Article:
Publication: Research - peer-review › Conference abstract in proceedings – Annual report year: 2012
In response to growing concerns related to environmental issues, limited resources and security of supply, the energy industry is changing. One of the most significant developments has been the penetration of renewable energy sources. In Denmark, the share of wind power generation is expected to cover more than 50% of the total consumption by 2050. Energy systems based on significant amounts of renewable energy sources are subject to uncertainties. To accommodate the need for model predictive control (MPC) of such systems, the effect of the stochastic effects on the constraints must be accounted for. In conventional MPC, the stochastic effects on the constraints is handled by constraint back-off and the MPC problem can still be solved by solution of either a linear program or a quadratic program. Treating the constraints as probabilistic constraints provides a more systematic approach to handle the stochastic effects on constraints. In this formulation, the MPC may be represented by a chance constrained mathematical program. The chance constraints allow a direct tradeoff between a certain (low) frequency of violating the constraints and a performance function (e.g. an economic loss function). This is convenient for energy systems, since some constraints are very important to satisfy with a high probability, whereas violation of others are less prone to have a large economic penalty. In MPC applications the control action is obtained by solving an optimization problem at each sampling instant. To make the controller applicable in real-time efficient and reliable algorithms are required. If the uncertainty is assumed to be Gaussian, the optimization problems associated with chance constrained (linear) MPC can be expressed as second order cone programming (SOCP) problems. In this paper, we show that tailored interior point algorithms are well suited to handle this type of problems. Namely, by utilizing structure-exploiting methods, we implement a special-purpose solver for control of smart energy systems. The solver is compared against general-purpose implementations. As a case study, we consider a system consisting of fuel-fired thermal power plants, wind farms and electric vehicles.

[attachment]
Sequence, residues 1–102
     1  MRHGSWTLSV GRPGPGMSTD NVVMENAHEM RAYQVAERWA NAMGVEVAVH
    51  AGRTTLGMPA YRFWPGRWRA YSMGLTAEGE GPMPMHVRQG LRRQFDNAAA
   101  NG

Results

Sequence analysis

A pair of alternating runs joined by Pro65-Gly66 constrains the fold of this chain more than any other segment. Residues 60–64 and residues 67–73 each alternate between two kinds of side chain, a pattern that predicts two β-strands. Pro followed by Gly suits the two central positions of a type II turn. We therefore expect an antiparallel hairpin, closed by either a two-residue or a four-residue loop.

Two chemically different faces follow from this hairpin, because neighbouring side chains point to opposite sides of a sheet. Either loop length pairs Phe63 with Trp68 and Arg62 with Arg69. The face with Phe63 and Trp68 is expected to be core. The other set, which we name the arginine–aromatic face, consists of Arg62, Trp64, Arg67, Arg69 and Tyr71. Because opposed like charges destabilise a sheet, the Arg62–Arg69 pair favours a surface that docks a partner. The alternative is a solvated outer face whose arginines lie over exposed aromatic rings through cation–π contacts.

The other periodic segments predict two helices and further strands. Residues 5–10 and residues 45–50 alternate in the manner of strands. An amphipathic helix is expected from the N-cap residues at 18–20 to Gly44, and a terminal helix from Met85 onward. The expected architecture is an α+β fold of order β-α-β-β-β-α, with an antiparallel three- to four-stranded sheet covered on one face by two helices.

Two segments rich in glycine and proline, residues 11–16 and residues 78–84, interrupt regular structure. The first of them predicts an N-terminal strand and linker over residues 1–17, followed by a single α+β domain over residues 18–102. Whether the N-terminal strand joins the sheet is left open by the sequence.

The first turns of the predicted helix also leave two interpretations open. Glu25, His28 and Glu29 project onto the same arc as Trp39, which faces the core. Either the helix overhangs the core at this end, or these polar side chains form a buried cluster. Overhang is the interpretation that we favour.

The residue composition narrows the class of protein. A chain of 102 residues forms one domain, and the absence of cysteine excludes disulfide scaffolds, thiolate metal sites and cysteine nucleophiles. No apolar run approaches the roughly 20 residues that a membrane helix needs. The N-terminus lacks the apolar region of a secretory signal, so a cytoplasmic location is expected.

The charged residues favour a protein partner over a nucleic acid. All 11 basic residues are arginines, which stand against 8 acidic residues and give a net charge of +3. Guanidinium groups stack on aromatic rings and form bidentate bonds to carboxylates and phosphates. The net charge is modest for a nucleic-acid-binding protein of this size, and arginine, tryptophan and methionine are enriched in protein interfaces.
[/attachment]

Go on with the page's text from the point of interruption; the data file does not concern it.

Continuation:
|Title||Proceedings of the 17th Nordic Process Control Workshop|
|Editors||John Bagterp Jørgensen, Jakob Kjøbsted Huusom, Gürkan Sin|
|Place of publication||Kogens Lyngby|
|Publisher||Technical University of Denmark|
|Conference||17th Nordic Process Control Workshop|
|Period||25/01/12 → 27/01/12|
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